Jumps had an interesting public image. On one hand, they were promoted as a healthier alternative to stays by doctors and others who felt that too restrictive stays were unhealthy. In 1740 Mrs Delaney wrote to her sister imploring her not to lace tightly, and sending a pair of jumps for her to wear instead. On the other, a woman in jumps was less impeccably dressed, and less morally impeccable, in stays. A 1762 poem describes a woman as “Now a neat shape in stays, now a slattern in jumps.”
As the fashions changed and the popularity of jumps rose, other forms of soft undergarments also evolved. Among these was the corset.
Corset, like corsage, comes from the French term for a body (corps) and the term was first used in France in the 1770s (though there had been an earlier Medieval/Renaissance usage of corset which described a decorative sleeveless bodice). In 1777 a corset was described (in French) as “a little pair of stays usually made of quilted linen without bones that ladies fasten in front with strings or ribbon and that they wear in deshabille.”
By the 1780s the term had reached England via fashion writers describing the new French garments as ‘a quilted waistcoat which is called un corset, without any kind of stiffening.”
It’s quite clear in early writings that corsets were significantly softer and less structured than corsets. An Englishwoman visiting Paris in 1802 wrote home about Paris fashions: “THREE petticoats? No one wears more than one! STAYS? Every body has left off even corsets.”
The one problem with terms like ‘jumps’ and ‘corset’ is that we’re not always sure which garments would have been called what at each decade. Fashion has always been a spectrum, and it is quite likely that one woman might have a garment which she would call jumps, while another would call the item a corset. The yellow waistcoat posted above is a good example. Garments that fit an identical description are described as jumps in the mid-18th century, but so are significantly more structured undergarments. Modern costume historians sometimes use terms like ‘transitional stays’ to describe the garments between heavily boned stays and the longline corsets of the 1810s etc, but of course this is not a term that would ever have been used in-period.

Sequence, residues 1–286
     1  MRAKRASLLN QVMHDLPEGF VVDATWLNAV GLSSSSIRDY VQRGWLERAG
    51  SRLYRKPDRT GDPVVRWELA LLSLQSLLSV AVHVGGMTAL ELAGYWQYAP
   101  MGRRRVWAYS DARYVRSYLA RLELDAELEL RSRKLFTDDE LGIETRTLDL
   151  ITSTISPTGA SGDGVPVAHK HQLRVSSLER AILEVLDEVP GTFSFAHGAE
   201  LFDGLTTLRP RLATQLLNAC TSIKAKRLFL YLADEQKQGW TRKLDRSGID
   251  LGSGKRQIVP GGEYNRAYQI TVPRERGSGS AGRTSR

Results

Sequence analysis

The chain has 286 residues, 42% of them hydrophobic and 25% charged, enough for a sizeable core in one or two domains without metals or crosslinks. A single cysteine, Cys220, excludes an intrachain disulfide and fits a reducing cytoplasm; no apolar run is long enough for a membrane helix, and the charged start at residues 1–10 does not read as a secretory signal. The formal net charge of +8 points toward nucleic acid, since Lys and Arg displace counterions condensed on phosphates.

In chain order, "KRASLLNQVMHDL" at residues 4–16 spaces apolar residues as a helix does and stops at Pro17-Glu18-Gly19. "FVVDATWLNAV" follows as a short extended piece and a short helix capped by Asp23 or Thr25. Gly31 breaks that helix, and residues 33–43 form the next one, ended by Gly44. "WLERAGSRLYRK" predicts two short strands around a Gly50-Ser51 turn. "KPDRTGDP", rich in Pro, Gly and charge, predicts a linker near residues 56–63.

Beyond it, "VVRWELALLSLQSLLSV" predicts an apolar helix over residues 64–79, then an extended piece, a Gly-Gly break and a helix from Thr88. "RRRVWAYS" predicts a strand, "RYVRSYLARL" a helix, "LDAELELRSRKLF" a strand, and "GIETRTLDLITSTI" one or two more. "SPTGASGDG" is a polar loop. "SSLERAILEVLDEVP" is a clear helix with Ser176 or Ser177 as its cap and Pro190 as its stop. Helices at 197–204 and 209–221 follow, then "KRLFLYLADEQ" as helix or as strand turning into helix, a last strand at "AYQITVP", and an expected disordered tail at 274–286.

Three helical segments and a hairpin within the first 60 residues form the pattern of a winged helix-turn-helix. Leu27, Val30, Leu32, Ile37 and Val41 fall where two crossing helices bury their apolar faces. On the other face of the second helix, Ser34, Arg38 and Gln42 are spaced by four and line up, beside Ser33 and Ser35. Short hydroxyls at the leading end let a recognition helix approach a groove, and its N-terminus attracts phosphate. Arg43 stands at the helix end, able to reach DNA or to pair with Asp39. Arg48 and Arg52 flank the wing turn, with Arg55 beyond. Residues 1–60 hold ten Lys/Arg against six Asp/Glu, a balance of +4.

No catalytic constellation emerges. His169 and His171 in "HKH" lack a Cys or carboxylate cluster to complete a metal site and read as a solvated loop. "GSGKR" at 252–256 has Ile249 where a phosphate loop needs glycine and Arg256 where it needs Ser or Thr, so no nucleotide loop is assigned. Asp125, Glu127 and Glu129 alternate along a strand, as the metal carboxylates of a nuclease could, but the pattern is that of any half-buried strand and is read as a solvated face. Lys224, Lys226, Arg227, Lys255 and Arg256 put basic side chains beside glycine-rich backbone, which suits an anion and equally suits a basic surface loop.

Other terms of supportive undergarments seen as fashion went through a series of massive chances in the last decades of the 18th century and the first decades of the 19th were (in roughly chronological order) short stays (for short, lighter boned stays), bust bodices (for boned, wrapped pro-bras) and demi-corsets (shorter, lightly boned corsets used for informal wear).
As waistlines dropped in the late 1810s, boning returned to undergarments. Corset, however, remained in use as a term for supportive undergarments, now referring to the more boned, waist-cinching undergarments, rather than the soft waistcoats they had originally indicated. Stays and corsets were used quite interchangeably in the early decades of the 19th century. A training manual for ladies maids written in 1825 describes the garments as “…stays, corsets, or whatever other name may be given to the stiff casing that is employed to compress the upper part of the body”.
As the 19th century progressed, corset became the more common term for the boned, laced garment, but the term stays remained in common usage, both for the garment, and even more so, for the actual pieces of bone in the corset. There are frequent uses of the term ‘stays’ as a synonym for corsets into the early 20th century, sometimes for its pun potential, with amusingly dreadful results.
Corset in blue silk, circa 1890
The link between lacing and propriety also remained, though in a less obvious form. A relatively balanced 1889 discussion on corsets describes a laced figure as “neat and tidy” and an unlaced figure as “loose and négligé.”
It has only been in the 20th and 21st centuries, long past the days of constrictive undergarments being commonly worn, that we have abandoned the word ‘stays’ as a synonym for corset. As historical costumers we use ‘stays’ almost exclusively as a term for 17th & 18th century boned undergarments, but historically speaking we would be just as correct to say “my new stays are the most comfortable pair I’ve made yet” about an 1880s corset.
Pink satin corset, c.1890, Vintage Textile
Baumgarten, Linda. Eighteenth Century Clothing at Williamsburg. Williamsburg: Colonial Williamsburg. 1986.